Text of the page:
Exploring The Skilled Trades
6 Recession-Proof Trades Careers
An economic storm is brewing, and we're teetering on the brink of disaster. At least, we are if you read the business press, or watch TV, or talk to people who claim to be experts. Lots of similarly smart experts say the so-called signs of a looming recession are actually no big deal, so the subject remains as hard to guess as always. Whether the economy is or is not about to collapse, the aftermath is going to be a lot easier if you have a stable career that doesn't come and go with the Dow Jones average. Here are six trades that are expected to keep growing, no matter what the deal is with the recession.
Carpentry is actually a lot of different trades, all of them related to the building business. Young people seeking an apprenticeship have their choice between framing, cabinetry, trim work, ornamental woodworking and so on. All of these professions are big and still growing, with something like an 8% increase in job opportunities expected between 2018 and 2028. And while homeowners might not be springing for kitchen remodels if a recession hits, they'll be needing carpenters to maintain what they already own.
Heating, ventilation, and air conditioning workers install and maintain the ducts, furnaces, and cooling units almost every house has to have. This field does well during bull markets, when there are lots of new houses built, and it keeps going strong in bear markets when everybody needs repairs and upgrades to their condensers. These people may not need brand new units, but maintaining the ones they have is important during any economic downturn.
Tiling and flooring work is integral to new construction, remodels and repairs to both residential and commercial buildings. Even when there's a recession, the major impact on flooring contractors tends to be lower-cost flooring options, such as linoleum, rather than leaving floors unfinished. Flooring contractors generally need a state-level license to work, but after that, they can expect a 3% to 7% profit margin on every job that they do.
Plumbers are the unsung heroes of modern civilization. The job they do is so obviously important, it's almost embarrassing to imagine the world without them. Even in a ruined economy, one with worse job and investment numbers than anyone is projecting for the United States in the distant future, plumbers can still expect to earn $54,000 a year as this industry grows by 14% through 2028.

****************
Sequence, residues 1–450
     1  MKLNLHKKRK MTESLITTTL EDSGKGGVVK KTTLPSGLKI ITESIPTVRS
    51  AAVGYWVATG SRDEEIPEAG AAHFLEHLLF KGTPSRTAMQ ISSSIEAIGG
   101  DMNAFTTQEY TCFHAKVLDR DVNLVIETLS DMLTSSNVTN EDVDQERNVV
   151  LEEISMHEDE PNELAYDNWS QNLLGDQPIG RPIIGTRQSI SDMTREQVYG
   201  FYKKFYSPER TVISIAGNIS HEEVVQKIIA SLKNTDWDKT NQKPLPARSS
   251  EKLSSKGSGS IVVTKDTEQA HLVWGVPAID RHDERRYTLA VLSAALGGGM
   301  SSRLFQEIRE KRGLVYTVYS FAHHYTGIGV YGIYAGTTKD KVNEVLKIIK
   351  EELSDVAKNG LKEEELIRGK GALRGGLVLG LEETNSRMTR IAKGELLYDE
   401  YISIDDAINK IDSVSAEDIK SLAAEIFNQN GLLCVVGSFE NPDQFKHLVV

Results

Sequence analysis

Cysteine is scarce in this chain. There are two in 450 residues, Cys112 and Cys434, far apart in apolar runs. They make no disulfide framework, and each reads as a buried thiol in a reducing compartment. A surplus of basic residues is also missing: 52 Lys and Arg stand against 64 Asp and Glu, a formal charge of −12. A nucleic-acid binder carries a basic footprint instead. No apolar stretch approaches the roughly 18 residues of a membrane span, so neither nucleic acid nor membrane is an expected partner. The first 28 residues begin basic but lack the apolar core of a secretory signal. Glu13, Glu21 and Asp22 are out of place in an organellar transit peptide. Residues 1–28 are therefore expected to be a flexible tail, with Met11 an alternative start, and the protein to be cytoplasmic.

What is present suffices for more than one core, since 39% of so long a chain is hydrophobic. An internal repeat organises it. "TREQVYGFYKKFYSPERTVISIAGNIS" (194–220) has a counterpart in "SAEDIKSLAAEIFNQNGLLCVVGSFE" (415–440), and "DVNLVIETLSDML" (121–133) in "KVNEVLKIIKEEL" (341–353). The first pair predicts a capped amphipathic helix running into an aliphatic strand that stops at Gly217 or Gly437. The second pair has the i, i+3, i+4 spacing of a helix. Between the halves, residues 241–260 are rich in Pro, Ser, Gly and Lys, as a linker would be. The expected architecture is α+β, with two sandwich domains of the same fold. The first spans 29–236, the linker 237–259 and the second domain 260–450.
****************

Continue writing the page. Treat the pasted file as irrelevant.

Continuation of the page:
Electricians have a special place among the trades, and it's one that isn't going anywhere in a shrinking economy. While many trades call for a strong back and a willingness to roll up the sleeves each day, electrical work is technical enough to demand professionals who know exactly what they're doing and can't easily be replaced. Electricians are vital to housing construction, commercial building maintenance, lighting, and security system installation and even the communications industry. Boom or bust, electricians can expect to make over $55,000 a year as a median pay grade for middle-rank workers in the field.
6. Appliance Technicians
Appliance technicians fix washers and dryers, refrigerators, ovens, and other must-have home appliances. This field may be the most promising of all, given that there's basically no way the field is on the verge of shrinking. During an economic expansion, people are constantly buying new and very complex appliances that will eventually need a fix. During a recession, meanwhile, people are holding on to their older appliances longer, requiring the services of a repair tech all the more. Appliance technicians may also have the broadest range of career options since they can work for big manufacturers, medium-sized repair companies or on their own as contractors.
Whatever lies ahead for the economy, there's hardly a safer way to face it than with a solid grounding in the trades. These six in-demand fields are among the most likely to keep growing no matter how the economic indicators swing in the years and decades ahead. You can get yourself ready to face whatever the economy has in store by learning a trade at Generation T, which offers courses in all these fields and more.